Post-Pandemic Office Trends Lean into Flexible Spaces and Hybrid Functionality

hybrid workspace, flexible office, offices, human-centric office design

The form and function of the office is always in flux. Driven by several factors, including productivity, comfort, health, economics and aesthetics, offices are always a reflection of larger trends among workforces and corporate management. After all, the goal of the office is to bring people together in a comfortable way that promotes productivity. Long gone are the days where offices were just stale boxes to house employees. Companies today understand the need to create environments that attract and retain the best talent for their firms.

Companies today understand the need to create environments that attract and retain the best talent for their firms.

Just a few years ago, the primary discussions in office design centered around creating the best open office environments that encourage collaboration among employees. Then, in 2020, a major disrupter occurred: the COVID-19 pandemic.

“All the data prior to the pandemic showed a steady increase in workplace flexibility, re- mote and hybrid-remote work over the past 50 years,” explains Kaleem Clarkson, COO of Blend Me Inc., a consulting firm focused on improving the remote employee experience. “Remote work in the U.S. prior to the pandemic was roughly 5 percent of the workforce, and during the pandemic it rose to nearly 50 percent of the workforce. Many policies, tools and resources were quickly implemented.”

Even though some of these trends were already percolating, when COVID arrived companies quite literally had to shift their processes and protocols overnight to enable employees to work from home. Entirely new networks and systems came into being, and ways of doing business changed. With those changes also came a shift in employee expectations and needs that took hold during the height of the pandemic and are still a force today.

HOME OFFICE

It’s clear that things aren’t going back to the way they were before COVID, and the nature of the office is once again up for discussion.

“COVID accelerated workplace trends that were already in motion,” says Sarah Bay, director of Interior Design with three/cura interiors. “Many of these originated with technological developments that allowed for greater flexibility in the way we work. Others emerged from the paradigmatic shifts related to younger generations entering the workforce and bringing new ideas, as well as updated priorities regarding work-life balance and preferences for where and how they work. The pandemic encouraged reflection and consideration about the value of spaces we inhabit and our desire to spend time in more comfortable, supportive environments.”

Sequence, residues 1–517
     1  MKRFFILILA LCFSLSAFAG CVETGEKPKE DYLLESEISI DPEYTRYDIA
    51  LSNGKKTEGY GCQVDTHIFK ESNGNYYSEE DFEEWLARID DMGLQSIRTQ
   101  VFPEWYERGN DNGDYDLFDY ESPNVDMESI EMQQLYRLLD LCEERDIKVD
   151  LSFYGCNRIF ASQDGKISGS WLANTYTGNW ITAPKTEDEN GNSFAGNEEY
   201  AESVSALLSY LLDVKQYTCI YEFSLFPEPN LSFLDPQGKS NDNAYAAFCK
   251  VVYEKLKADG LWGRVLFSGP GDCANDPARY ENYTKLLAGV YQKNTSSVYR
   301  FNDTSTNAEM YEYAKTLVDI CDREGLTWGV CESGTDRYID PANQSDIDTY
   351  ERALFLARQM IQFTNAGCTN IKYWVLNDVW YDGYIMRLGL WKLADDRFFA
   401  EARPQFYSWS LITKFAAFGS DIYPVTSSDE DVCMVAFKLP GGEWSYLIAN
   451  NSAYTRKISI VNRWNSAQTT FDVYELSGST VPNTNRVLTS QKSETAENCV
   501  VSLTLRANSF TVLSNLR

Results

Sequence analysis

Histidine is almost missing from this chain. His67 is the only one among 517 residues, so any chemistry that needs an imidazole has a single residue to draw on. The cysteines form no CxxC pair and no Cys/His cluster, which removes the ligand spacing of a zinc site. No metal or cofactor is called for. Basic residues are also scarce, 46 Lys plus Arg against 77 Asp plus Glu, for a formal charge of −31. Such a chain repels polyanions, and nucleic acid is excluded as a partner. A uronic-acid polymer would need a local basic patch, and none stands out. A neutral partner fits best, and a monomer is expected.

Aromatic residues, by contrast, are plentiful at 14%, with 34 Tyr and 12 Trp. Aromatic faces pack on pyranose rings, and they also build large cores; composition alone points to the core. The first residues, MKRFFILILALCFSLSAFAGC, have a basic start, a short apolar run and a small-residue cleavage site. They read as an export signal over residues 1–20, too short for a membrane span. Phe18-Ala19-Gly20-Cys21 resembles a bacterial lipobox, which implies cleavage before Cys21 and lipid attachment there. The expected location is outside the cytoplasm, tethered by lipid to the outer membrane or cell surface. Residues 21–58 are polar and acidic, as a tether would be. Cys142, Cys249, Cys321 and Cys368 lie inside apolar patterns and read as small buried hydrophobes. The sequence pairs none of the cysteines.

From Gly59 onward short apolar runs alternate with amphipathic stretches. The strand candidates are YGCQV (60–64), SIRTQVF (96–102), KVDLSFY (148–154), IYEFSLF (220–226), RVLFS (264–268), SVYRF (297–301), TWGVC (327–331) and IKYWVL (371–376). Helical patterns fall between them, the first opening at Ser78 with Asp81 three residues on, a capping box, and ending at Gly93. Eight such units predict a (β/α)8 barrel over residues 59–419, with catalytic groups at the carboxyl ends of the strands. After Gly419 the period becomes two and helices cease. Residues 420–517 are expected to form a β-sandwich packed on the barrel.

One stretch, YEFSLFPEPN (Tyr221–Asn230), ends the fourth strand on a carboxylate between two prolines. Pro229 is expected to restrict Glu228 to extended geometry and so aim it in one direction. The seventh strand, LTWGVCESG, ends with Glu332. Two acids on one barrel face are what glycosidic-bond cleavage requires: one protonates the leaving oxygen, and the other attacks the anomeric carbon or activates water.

“The pandemic encouraged reflection and consideration about the value of spaces we inhabit and our desire to spend time in more comfortable, supportive environments,” says Sarah Bay, director of Interior Design with three/cura interiors.

This idea is shared by Byron Morton, vice president and co-head of Leasing at THE MART in Chicago, the world’s largest commercial building and host to NeoCon, an annual convention for the commercial interiors industry. “What has really come to the forefront is how design can reinforce and support the importance of the office as a place for teams to gather and collaborate,” Morton says.

“Work from home has made many of our clients rethink their needs and the amount of space they require,” explains Andy Holub, vice president and director of preconstruction and special services with Clune Construction. “We now have more uncertainty about who will be in the office each day. This has shifted the planning to more flexible seating arrangements with an open environment over the traditional concept of the perimeter office with fixed seating. The office is now more of a place to ‘touch down’ and have periodic in-person collaboration than it is a place to come and work each day.”

“I think COVID had the power to create a real revolution in the workplace and necessitate a more human-centric approach that is now the norm,” says Melissa Hanley, AIA, co-founder and principal of Blitz, a multidisciplinary architecture firm. (View Blitz’s office design work, which is retrofit‘s January-February 2023 “Cover Story”.) “One size does not fit all. Employers need to offer employees more choices in terms of how, when and where they work. They also need to provide employees with the right tools and the right environment to allow this flexibility. Task-based hybrid work gives people the ability to work wherever they are most productive for any given task. It’s about em- powering the employee to do their best work in the way that is best for them.”

ADAPTABLE SPACE

As flexibility becomes the order of the day, owners and designers must approach office construction and renovation with different goals in mind.

“We are seeing a reduction in individual desk space with an increase in shared or hotdesking options, as well as comfortable ad-hoc spaces,” says Clarkson, who recently organized a summit on hybrid work strategies with hotel company citizenM. “The open-office concepts are being broken up and the use of phone booths for private conversations has dramatically increased.”

PHOTOS: Jasper Sanidad

About the Author

Jim Schneider, LEED AP
Jim Schneider, LEED AP, has worked in the design and construction industry for almost 20 years. He writes about architecture, sustainability and construction from Denver.

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